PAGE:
Lower Income Tenants

23 Replies

I just bought a 4 unit in a C neighborhood and inherited all of the tenants. They are lower income and though we've only collected rent twice, 3 of the 4 units paid late. 

I came from a lower income and understand that some times a penalty can snowball into other problems. I don't want my tenants to be stuck in a trap or feel that they need to take out a Pay Day loan to pay me, but I don't want to be paid late. 

Any advice on an appropriate late fee and how to handle habitually late tenants?

I was thinking of putting in an incentive for early payment. Anyone have experience with this?

@Zech Ehnert  Hi Zech…Great question. My wife and I own three three-family units in a lower income area. We also inherited tenants in two of the buildings with one being habitually late from day one. I allowed this tenant to catch up rent and I stopped moving forward with an eviction. As soon as they were caught up on rent, they were late once again with a multitude of excuses. Based on this experience, these are my suggestions:

  • Be fair, but firm – For my tenants, payment is due on the 1st of the month. After the 5th day (per my lease), I can charge a late fee ($25). Are your tenants in leases? Is there a late fee?  
  • Be wary of the “professional tenant” – After a two-month appeal eviction process, I just received notification from the supreme court of my state that the tenant’s appeal was denied and I can move forward with the eviction
  • Be as compassionate as possible, but understand this is not a “personal situation” rather a business transaction
  • One strike policy – I’m a big believer in second chances….but not third chances
  • State Laws - Make sure you understand the eviction laws and procedures in your state
  • Follow your gut – I didn’t have a good feeling about the tenant I discussed above but didn’t listen to my gut

I haven't given much thought regarding incentive for early payment. However, I did consider maybe offering an incentive if the tenants pays on-time, let’s say, for 6 months in a row.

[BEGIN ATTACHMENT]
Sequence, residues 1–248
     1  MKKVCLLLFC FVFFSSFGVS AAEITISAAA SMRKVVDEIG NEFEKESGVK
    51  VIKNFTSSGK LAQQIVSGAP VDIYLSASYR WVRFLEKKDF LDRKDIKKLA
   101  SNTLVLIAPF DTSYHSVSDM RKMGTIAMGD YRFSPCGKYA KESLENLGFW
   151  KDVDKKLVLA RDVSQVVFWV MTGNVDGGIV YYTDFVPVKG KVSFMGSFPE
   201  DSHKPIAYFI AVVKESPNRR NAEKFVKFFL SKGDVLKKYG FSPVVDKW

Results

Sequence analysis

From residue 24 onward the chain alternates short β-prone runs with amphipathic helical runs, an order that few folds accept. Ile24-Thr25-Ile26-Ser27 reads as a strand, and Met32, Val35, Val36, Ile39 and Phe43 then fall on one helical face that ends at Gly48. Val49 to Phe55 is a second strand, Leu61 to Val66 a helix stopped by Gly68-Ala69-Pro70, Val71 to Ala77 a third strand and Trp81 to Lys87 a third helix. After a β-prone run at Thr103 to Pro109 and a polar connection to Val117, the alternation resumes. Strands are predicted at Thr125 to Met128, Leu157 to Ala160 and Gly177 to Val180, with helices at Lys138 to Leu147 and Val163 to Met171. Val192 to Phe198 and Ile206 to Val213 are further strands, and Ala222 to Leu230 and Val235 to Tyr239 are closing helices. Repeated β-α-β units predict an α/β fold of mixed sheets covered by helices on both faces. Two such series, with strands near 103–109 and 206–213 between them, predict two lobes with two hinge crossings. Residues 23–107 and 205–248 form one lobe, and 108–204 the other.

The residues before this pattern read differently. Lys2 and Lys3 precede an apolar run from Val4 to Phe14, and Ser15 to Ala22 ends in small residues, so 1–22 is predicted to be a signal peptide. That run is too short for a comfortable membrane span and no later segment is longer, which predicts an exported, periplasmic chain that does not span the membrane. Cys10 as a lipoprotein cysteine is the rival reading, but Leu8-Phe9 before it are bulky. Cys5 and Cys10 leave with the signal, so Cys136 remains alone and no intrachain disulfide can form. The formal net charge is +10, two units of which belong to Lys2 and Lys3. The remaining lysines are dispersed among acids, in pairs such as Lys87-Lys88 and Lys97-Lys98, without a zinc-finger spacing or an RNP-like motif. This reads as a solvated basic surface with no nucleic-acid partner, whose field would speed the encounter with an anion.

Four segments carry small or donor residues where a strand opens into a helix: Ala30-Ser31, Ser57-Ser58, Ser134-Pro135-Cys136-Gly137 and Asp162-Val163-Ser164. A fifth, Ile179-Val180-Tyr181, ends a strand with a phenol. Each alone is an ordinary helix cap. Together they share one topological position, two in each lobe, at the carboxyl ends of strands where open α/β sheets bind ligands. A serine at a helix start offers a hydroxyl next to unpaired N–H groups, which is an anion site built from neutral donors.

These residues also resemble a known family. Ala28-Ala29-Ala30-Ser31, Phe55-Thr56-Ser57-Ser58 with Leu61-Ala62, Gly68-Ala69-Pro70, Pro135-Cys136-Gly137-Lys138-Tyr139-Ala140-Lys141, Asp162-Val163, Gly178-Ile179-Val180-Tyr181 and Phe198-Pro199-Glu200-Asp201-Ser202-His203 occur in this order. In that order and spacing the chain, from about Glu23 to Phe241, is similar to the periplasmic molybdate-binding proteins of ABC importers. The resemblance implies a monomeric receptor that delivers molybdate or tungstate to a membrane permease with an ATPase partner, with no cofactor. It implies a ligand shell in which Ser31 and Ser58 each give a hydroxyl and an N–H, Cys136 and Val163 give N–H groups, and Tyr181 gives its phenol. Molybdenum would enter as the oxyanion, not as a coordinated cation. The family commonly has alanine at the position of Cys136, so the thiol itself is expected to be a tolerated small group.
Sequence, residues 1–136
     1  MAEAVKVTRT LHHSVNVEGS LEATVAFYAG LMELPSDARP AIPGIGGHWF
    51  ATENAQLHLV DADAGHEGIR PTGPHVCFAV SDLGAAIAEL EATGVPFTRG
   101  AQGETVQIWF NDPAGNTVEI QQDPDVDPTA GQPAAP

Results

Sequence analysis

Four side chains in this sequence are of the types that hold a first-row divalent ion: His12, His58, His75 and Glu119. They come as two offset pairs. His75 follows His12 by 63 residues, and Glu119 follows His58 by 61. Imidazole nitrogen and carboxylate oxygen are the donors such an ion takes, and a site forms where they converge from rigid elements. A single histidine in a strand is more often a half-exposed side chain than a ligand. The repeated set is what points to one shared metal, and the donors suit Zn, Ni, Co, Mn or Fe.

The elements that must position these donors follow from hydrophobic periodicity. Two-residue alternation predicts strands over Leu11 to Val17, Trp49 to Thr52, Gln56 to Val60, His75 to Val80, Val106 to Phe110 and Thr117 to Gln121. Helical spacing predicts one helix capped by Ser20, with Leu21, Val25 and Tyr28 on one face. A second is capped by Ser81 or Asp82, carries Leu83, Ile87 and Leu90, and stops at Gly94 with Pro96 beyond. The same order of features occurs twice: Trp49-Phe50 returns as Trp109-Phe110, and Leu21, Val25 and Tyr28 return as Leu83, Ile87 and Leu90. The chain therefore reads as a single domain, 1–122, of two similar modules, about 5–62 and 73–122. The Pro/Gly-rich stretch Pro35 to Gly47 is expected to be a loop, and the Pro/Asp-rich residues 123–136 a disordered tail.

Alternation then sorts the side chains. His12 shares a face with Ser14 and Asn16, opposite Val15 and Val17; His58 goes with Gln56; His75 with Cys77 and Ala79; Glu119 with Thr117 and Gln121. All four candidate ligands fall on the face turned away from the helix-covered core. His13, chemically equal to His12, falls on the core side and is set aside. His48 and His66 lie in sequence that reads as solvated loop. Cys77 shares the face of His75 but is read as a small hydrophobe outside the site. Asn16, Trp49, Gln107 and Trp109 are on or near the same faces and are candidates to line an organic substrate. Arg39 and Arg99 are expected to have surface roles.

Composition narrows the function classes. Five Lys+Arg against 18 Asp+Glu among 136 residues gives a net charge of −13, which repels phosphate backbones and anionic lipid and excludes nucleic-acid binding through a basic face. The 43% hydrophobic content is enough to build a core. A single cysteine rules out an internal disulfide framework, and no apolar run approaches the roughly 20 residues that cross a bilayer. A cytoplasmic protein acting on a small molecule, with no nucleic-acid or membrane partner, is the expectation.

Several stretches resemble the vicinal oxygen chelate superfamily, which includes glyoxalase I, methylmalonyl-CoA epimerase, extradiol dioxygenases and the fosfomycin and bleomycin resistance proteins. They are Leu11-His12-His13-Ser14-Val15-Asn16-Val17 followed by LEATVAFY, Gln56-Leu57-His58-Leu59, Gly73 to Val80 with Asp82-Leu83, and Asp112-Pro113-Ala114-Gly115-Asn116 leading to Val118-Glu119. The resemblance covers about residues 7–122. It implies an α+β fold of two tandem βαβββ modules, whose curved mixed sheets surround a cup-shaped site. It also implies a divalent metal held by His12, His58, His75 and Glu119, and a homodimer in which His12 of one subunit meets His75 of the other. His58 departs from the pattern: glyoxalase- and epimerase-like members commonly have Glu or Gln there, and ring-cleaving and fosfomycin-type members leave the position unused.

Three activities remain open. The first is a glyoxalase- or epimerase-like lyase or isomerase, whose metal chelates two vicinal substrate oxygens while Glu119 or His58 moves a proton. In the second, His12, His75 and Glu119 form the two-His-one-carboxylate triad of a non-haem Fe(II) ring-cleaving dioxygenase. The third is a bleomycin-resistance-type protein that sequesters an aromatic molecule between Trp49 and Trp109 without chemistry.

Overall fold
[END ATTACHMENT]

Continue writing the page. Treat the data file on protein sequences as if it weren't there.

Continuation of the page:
Good Luck!

When people are unable to manage their money, they will always pay somebody late. If you are the softest creditor with no penalty for being late, guess what...you get paid last.  The only way to get on time payments is consistently enforce the lease. Have a late payment in there and collect it every time. Then you get paid first. By being lax on this, you will not really help or improve your tenants life in any way. In fact you will just continue to enable the poor money management on their end. Now this is assuming your screening makes sure that tenant income can pay rent. If their income is too small for the apartment you have a different problem and need new tenants.

when my friend was renting a place in college i remember she got a 25$ discount every month if it was deposited directly in the bank by the 31st or 30th etc... the day before the 1st of the month when it was due and than the late fees kicked in on the 5th of the month so she was always getting to the bank and paying early to save the 25$ but than again not everyone is as frugal as college students...

Originally posted by @Peter John K :

when my friend was renting a place in college i remember she got a 25$ discount every month if it was deposited directly in the bank by the 31st or 30th etc... the day before the 1st of the month when it was due and than the late fees kicked in on the 5th of the month so she was always getting to the bank and paying early to save the 25$ but than again not everyone is as frugal as college students...

 I tried this with one of my properties and I gotta tell you, it works like a charm with these particular tenants (college aged, but not in college).  The rent is in my account before the 1st, every single month so far.  I'm thinking of trying it on the rest of my leases as they turn over.

Ask them what date they will be able to guarantee payment by , make that their payment date and impose late fees if they miss it.

yea only confusion might be with an elderly tenant who thinks they have until the 31st of the month that the rent is due and pays 31 days late without the late fees and 25$ short lol

I have tenants renting $750 homes from me. I would consider them lower income but employed.  After a recent tour of all my rental properties, I quickly lost what little sympathy I had for late rent. Most of them had a bigger TV than I do,  many had newer model cars and the women all had expensive nail and hair jobs. I figure they can afford all that, they can pay the rent on time!

@Zech Ehnert congrats on your new rental.

I'm hoping you signed a new lease agreement with theses tenants. If so, then enforce your lease.

If you're working on a grandfathered lease, then have tenants sign a lease directly with you. Include a clause that states payment is applied to late fees first THEN towards rent. This will help you if you need to evict.